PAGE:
Use the full 5,100 rpm power range. THIS DOES NOT MEAN DRIVE AROUND AT 5100 RPM! This DOES mean to find the rpm range where your cars best power resides. Most owners will find that the best engine operating range to be between 2000rpm and 4200 rpm for the purpose of acceleration. At all costs avoid using full throttle below 2000 rpm the ECU will attempt to prevent you from applying full power in this range, work with it and don't request it with your foot.
Continue to avoid steady rpms and avoid the use of cruise control. occasional application of full throttle (100%) is recomended to help seat the rings. City driving is ideal for breaking in a TDI due to frequent stops and acceleration. DO NOT CHANGE THE ENGINE OIL UNTIL 10,000 MILES!

5,000-10,000 miles
Use of the cruise control is ok at this point since most of the initial break in has occured. Continue to use occasional full throttle accelerations to continue to seat the rings. You will notice the engine become slightly louder during this phase due to less friction from the engine breaking in (normal for a diesel to become louder under lighter loads). If your going on a long drive and you are using the cruise, every so often step on the peddle to accelerate up about 20 mph then coast back down to your preset speed.

Your first oil change is due at 10,000 miles DO NOT change it early! Oil analysis supports 10,000 miles as being realistic for a first change interval. Wear metals will remain at safe levels during this entire first interval thanks to the initial run-in and flush at the factory before the engine was installed in your car.

10,000-60,000
This is when the rest of the break in occurs. The engine from the factory will check out with about 475psi of compression pressure out of the crate. It will take at least 60,000 miles to reach the peak pressure of 510 psi. For the most part once you get to 10,000 miles your compression will be around 490 psi meaning that most of the break in has occured.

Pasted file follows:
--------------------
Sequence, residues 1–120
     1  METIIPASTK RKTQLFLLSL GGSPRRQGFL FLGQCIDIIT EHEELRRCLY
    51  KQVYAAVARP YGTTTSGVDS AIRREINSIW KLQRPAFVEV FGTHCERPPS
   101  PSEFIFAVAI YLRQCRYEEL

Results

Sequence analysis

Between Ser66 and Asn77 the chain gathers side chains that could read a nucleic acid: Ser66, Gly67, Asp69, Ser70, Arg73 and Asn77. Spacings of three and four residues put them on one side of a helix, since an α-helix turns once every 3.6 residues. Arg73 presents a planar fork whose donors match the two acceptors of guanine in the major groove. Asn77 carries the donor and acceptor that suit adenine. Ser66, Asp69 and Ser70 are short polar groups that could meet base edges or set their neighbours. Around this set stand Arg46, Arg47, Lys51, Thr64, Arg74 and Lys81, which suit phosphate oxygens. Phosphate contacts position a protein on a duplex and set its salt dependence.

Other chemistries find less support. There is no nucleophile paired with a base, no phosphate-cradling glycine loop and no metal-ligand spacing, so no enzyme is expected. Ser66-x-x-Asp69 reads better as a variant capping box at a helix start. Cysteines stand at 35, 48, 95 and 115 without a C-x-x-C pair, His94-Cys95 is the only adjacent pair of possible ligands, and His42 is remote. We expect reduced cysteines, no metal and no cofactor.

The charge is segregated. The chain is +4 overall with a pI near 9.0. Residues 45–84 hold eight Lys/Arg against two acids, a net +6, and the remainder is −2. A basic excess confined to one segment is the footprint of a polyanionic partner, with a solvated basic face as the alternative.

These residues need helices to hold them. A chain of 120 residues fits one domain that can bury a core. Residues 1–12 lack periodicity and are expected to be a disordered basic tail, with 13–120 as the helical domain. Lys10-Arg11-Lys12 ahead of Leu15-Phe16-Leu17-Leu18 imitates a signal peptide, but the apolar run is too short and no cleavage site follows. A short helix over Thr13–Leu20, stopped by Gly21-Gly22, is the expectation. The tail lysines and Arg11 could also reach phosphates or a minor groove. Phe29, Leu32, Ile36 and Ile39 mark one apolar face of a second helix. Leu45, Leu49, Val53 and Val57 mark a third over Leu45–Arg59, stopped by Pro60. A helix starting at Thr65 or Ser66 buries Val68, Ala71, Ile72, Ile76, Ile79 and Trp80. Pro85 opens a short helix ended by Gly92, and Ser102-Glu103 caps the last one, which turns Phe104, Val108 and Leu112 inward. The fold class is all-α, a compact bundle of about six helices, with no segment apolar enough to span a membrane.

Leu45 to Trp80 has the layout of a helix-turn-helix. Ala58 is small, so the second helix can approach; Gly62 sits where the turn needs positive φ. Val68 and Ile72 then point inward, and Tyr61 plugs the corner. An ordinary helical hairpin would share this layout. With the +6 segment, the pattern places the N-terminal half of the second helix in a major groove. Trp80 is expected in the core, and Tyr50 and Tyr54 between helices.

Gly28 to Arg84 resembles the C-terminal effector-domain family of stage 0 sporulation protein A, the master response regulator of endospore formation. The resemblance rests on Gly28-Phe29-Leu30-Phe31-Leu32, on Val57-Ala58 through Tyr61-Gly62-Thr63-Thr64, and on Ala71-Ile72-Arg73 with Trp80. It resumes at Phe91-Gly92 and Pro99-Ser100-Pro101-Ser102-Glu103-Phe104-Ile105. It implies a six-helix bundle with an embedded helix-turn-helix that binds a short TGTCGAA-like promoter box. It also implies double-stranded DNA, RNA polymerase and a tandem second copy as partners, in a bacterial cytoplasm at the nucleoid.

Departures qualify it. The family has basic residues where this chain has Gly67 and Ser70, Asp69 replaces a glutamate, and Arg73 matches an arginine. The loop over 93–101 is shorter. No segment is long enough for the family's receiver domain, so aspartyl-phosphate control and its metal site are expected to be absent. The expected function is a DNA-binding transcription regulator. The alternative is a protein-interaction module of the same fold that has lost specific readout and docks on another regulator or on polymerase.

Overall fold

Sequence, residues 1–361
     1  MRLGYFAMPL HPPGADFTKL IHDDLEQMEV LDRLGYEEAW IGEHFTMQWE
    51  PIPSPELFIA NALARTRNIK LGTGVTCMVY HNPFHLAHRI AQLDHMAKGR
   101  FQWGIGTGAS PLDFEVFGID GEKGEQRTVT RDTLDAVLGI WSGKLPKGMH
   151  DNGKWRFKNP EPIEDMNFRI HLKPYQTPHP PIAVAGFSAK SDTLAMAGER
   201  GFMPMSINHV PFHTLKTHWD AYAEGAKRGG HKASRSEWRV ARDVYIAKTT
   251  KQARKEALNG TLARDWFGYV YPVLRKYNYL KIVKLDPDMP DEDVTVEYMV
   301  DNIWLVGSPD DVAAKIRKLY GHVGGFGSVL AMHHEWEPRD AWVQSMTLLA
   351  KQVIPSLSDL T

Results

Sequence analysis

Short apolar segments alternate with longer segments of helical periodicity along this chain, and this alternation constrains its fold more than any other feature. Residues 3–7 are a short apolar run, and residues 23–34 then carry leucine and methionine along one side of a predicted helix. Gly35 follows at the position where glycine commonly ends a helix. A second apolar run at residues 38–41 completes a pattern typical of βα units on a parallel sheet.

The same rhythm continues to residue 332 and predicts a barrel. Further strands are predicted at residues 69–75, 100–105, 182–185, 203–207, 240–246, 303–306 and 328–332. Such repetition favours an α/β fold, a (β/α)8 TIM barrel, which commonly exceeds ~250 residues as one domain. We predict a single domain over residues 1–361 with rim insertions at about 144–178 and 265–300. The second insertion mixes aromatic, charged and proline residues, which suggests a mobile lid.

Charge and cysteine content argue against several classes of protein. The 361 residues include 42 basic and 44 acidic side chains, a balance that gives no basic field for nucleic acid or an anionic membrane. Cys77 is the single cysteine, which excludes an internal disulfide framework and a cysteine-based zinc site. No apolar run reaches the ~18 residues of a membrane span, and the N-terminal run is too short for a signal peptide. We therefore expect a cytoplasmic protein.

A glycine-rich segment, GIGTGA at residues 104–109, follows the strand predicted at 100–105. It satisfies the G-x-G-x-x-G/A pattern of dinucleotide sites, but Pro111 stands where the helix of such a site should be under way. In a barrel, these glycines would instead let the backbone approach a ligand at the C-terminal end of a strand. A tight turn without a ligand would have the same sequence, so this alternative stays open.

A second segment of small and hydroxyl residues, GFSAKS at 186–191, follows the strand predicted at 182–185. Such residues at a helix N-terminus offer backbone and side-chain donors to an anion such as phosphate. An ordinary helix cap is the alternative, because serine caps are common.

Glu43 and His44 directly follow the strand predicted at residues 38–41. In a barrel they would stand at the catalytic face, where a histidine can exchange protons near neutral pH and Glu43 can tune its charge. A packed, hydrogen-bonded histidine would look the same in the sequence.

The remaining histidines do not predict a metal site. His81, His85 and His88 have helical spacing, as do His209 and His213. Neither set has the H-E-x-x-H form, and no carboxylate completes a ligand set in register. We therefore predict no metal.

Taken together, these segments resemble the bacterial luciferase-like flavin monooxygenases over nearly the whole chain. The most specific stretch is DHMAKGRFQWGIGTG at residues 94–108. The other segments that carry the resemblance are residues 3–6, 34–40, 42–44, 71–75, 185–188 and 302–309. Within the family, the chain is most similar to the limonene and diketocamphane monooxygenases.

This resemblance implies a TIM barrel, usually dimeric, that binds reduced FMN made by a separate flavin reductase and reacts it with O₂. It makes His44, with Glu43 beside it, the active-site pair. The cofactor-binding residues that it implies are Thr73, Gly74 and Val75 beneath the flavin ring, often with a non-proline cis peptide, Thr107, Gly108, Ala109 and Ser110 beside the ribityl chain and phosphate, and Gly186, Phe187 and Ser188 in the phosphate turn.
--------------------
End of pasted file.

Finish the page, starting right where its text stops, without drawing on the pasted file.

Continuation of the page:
60,000- and for the remaining life of the motor
The owners have followed the advice above and do not have any oil consumption issues. This also means that with the higher pressure the engine is more efficient returning optimal fuel economy and reduced smoke output. I am still of the opinion that if possible use a LowSAPS 5w40 instead of the 5w30 oils ie Mobil 1 ESP 5w40 formula M (MB229.51, .6 Sulfated Ash)

--------------------------------------------------------------------------------------------------------------------------------------------------


Older model TDI's 96-2005

Rules that apply for the life of the car
-When the engine is cold (below the first 3 white marks at the base of the temp gage) rev the engine to at least 2,500 rpms.
-When the engine is warmed up (above the first three white marks) Rev the engine to no less than 3,000 rpms.
The reason for this is to keep the turbo on boost, clear the VNT guide vanes and apply firm pressure to the rings for optimal sealing against blow-by gasses. The rings need the boost to seal since its a turbo charged engine, babying the engine is detrimental and will lead to issues with compression if done so for very long.

First 1,000 miles
Keep rpms below 3,800. Avoid steady rpms. Frequent firm application of power is strongly recomended up to 3,800 rpm. Avoid the use of cruise control so that you naturally fluctuate the power with your foot.

1,000-5,000 miles
Use the full 5,100 rpm power range. Avoid steady rpms. Avoid the use of cruise control. Frequent application of full throttle is recomended to help seat the rings. City driving is ideal for breaking in a TDI due to frequent stops and acceleration. Once you get to 5,000 miles change the oil and perform your first service per the manual

5,000-10,000 miles